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Feasibility and design of blast mitigation systems for naval applications using water mist fire suppression systems

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dc.contributor.advisor David V. Burke. en_US
dc.contributor.author Kitchenka, Julie A en_US
dc.contributor.other Massachusetts Institute of Technology. Dept. of Civil and Environmental Engineering. en_US
dc.date.accessioned 2006-07-13T15:24:38Z
dc.date.available 2006-07-13T15:24:38Z
dc.date.copyright 2004 en_US
dc.date.issued 2004 en_US
dc.identifier.uri http://hdl.handle.net/1721.1/33441
dc.description Thesis (Nav. E.)--Massachusetts Institute of Technology, Dept. of Ocean Engineering; and, (S.M.)--Massachusetts Institute of Technology, Dept. of Civil and Environmental Engineering, 2004. en_US
dc.description Includes bibliographical references (leaves 73-76). en_US
dc.description.abstract The recent trend of using fine water mist systems to replace the legacy HALON- 1301 fire suppression systems warrants further study into other applications of the water mist systems. Preliminary research and investigation indicates that fine mists (20-25 pm droplet size) may reduce peak overpressures of a shock wave traveling through a space. Such pressure reductions could be used to mitigate the destructive effects of a shock wave (initiated by an explosive device) traveling through a structure. Currently these blast mitigation effects have only been demonstrated in small-scale shock tube tests and computer simulations. Uncertainty exists as to the scalability of such a system. The intention of this research is to investigate the applicability of such a blast mitigation system for shipboard use. Study into the degree of mitigation necessary to make a system practical for shipboard installation was conducted. In addition, a theoretical study of the mechanisms of blast mitigation using water mists was completed. Preliminary design of a full-scale system was examined. en_US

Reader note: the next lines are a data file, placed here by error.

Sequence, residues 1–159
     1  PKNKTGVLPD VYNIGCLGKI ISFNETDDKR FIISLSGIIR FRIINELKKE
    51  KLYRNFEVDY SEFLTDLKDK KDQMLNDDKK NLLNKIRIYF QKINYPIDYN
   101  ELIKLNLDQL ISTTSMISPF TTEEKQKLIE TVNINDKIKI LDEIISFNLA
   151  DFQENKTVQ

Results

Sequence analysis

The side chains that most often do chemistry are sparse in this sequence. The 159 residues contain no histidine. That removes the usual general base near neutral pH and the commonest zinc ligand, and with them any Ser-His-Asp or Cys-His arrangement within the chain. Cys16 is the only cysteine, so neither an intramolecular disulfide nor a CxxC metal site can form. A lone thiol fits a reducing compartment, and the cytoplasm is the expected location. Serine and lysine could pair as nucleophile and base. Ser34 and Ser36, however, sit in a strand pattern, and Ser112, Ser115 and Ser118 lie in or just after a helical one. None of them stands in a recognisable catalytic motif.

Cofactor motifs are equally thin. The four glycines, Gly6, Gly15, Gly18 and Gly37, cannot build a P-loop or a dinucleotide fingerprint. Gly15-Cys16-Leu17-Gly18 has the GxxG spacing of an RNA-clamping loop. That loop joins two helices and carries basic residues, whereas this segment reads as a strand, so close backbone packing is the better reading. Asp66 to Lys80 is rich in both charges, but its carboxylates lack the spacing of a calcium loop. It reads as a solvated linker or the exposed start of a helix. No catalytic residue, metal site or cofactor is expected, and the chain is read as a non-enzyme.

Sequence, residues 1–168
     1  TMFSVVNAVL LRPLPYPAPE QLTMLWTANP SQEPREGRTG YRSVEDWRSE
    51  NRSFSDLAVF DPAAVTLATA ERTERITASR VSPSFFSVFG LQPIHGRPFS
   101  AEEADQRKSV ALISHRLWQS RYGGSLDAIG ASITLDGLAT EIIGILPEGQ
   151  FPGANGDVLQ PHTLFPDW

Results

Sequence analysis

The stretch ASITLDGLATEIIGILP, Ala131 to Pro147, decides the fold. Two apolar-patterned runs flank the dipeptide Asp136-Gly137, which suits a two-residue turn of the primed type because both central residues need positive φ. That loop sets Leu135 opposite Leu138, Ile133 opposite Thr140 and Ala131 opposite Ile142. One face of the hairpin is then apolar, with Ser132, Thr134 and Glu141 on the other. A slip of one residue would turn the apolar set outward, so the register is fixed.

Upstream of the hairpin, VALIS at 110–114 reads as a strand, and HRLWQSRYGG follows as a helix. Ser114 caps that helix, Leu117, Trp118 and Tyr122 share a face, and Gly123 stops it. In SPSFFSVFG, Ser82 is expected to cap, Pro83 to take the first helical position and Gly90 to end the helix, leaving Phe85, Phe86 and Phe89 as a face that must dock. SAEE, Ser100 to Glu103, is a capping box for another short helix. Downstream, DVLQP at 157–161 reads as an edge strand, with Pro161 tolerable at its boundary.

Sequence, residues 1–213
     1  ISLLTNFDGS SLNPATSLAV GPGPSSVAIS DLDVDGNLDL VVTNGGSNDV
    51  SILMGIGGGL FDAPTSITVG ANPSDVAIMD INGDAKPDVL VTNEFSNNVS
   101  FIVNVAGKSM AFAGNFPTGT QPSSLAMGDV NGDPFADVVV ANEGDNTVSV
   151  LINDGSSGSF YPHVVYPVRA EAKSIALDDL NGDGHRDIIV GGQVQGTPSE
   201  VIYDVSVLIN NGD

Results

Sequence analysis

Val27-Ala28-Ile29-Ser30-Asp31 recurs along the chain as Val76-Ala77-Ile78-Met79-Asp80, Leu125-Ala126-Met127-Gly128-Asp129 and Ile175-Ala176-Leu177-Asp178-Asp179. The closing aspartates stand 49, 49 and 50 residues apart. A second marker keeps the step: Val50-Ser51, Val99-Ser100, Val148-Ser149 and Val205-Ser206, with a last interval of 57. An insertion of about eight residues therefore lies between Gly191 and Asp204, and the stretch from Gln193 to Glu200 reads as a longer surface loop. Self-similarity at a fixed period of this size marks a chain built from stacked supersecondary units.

dc.description.abstract (cont.) Given the recent trend toward tumblehome hull forms in future Naval Combatant designs, there exists strong applicability of this system in the "dead" spaces created by the shaping of the tumblehome hull. Further work is needed in numerical modeling and laboratory testing of specific phases of the mitigation. The end goal is a feasible design of a blast mitigation system to be used in the outermost spaces of Naval Combatants to protect interior vital system spaces. en_US
dc.description.statementofresponsibility by Julie A. Kitchenka. en_US
dc.format.extent 127 leaves en_US
dc.format.extent 5651918 bytes
dc.format.extent 5657215 bytes
dc.format.mimetype application/pdf
dc.format.mimetype application/pdf
dc.language.iso eng en_US
dc.publisher Massachusetts Institute of Technology en_US
dc.rights M.I.T. theses are protected by copyright. They may be viewed from this source for any purpose, but reproduction or distribution in any format is prohibited without written permission. See provided URL for inquiries about permission. en_US
dc.rights.uri http://dspace.mit.edu/handle/1721.1/7582
dc.subject Ocean Engineering. en_US
dc.subject Civil and Environmental Engineering. en_US
dc.subject.lcsh Fire extinction en_US
dc.subject.lcsh Blast effect en_US
dc.subject.lcsh Shock waves en_US
dc.title Feasibility and design of blast mitigation systems for naval applications using water mist fire suppression systems en_US
dc.type Thesis en_US
dc.description.degree S.M. en_US
dc.description.degree Nav.E. en_US
dc.contributor.department Massachusetts Institute of Technology. Dept. of Ocean Engineering. en_US
dc.contributor.department Massachusetts Institute of Technology. Dept. of Civil and Environmental Engineering. en_US
dc.identifier.oclc 62881910 en_US


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